UK Chancellor pushes carbon trading expansion

By staff reporter

- Last updated on GMT

Related tags: Greenhouse gas, Uk

The development of a global carbon trading scheme and investment in
biofuels were two central strategies put forward by the UK
Chancellor on Wednesday to halt climate change.

Plans will have repercussions for the food, drink and farming industries, which were recently highlighted as big contributors to carbon emissions in the UK by the country's environment minister, David Miliband.

The emissions trading and biofuels proposals were part of several strategies put forward by the UK Chancellor in his pre-budget report.

Climate change has taken on a higher profile in recent weeks, following a UK government report claiming the cost of inaction could be up to five per cent of global GDP, possibly causing an economic disaster worse than the Wall Street Crash in 1929.

Chancellor Gordon Brown said four of Europe's non-EU states, Switzerland, Norway, Iceland and Lichtenstein, had agreed in principle to the creation of a pan-European carbon trading scheme - seen as the first building block towards a global trading system.

UK industry, including food, has supported the government plans.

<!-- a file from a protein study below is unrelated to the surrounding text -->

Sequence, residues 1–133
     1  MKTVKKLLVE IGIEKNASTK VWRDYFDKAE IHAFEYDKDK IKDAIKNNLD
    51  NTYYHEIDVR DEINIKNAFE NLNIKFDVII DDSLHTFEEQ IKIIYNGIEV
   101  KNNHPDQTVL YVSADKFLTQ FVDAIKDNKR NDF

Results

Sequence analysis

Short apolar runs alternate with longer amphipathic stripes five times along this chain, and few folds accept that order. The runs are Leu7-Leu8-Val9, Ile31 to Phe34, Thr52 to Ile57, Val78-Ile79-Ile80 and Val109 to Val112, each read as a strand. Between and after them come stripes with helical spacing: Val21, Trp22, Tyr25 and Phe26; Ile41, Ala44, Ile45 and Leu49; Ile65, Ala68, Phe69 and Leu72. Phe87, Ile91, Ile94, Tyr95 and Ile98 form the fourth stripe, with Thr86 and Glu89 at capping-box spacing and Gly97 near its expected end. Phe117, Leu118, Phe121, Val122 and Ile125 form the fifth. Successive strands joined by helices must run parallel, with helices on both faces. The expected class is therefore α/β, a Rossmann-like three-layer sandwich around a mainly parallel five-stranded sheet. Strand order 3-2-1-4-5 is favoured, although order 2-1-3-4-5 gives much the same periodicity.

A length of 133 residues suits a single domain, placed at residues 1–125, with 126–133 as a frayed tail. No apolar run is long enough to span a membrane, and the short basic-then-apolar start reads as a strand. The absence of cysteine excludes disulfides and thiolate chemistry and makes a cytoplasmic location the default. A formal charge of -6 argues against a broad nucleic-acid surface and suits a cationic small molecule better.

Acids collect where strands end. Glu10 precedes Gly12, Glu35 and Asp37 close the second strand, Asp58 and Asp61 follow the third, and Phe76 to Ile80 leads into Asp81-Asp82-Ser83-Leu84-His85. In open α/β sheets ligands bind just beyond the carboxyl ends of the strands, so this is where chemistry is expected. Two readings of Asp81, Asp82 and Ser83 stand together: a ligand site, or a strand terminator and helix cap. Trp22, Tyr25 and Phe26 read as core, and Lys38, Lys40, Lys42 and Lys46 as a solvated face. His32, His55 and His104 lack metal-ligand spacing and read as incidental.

Food packagers and processors could play a major part in the scheme because of their reliance on cooking, refrigeration, freezing and air compressor systems that pump out greenhouse gases.

Carbon trading works by assigning quotas to companies and then allowing those who want more to buy up surplus quota from others. Quotas are capped so that overall emissions are reduced.

The system would work alongside plans to promote new technologies and renewable energy sources, Chancellor Brown said.

There has also been support from the UK National Farmers' Union on the government's plan to invest in biofuels.

"Even after allowing for the cost of harvesting, processing and transportation, biofuels still yield net savings of 70 per cent in greenhouse gas emissions compared with fossil fuels."

Britain's biofuels market is expected to double in 2006 to around 250m litres, the government predicted. It aims to encourage their development through lower tax rates for biofuel users until at least 2008-09.

Critics have repeatedly questioned whether biofuels can be produced on the scale needed to significantly impact climate change, however.

Several other strategies for dealing with climate change were also laid out by the UK government Wednesday.

These ranged from tax rises on fuel to more audacious plans, such as capturing carbon and burying it under the North Sea - a project underway between the UK and Norway.

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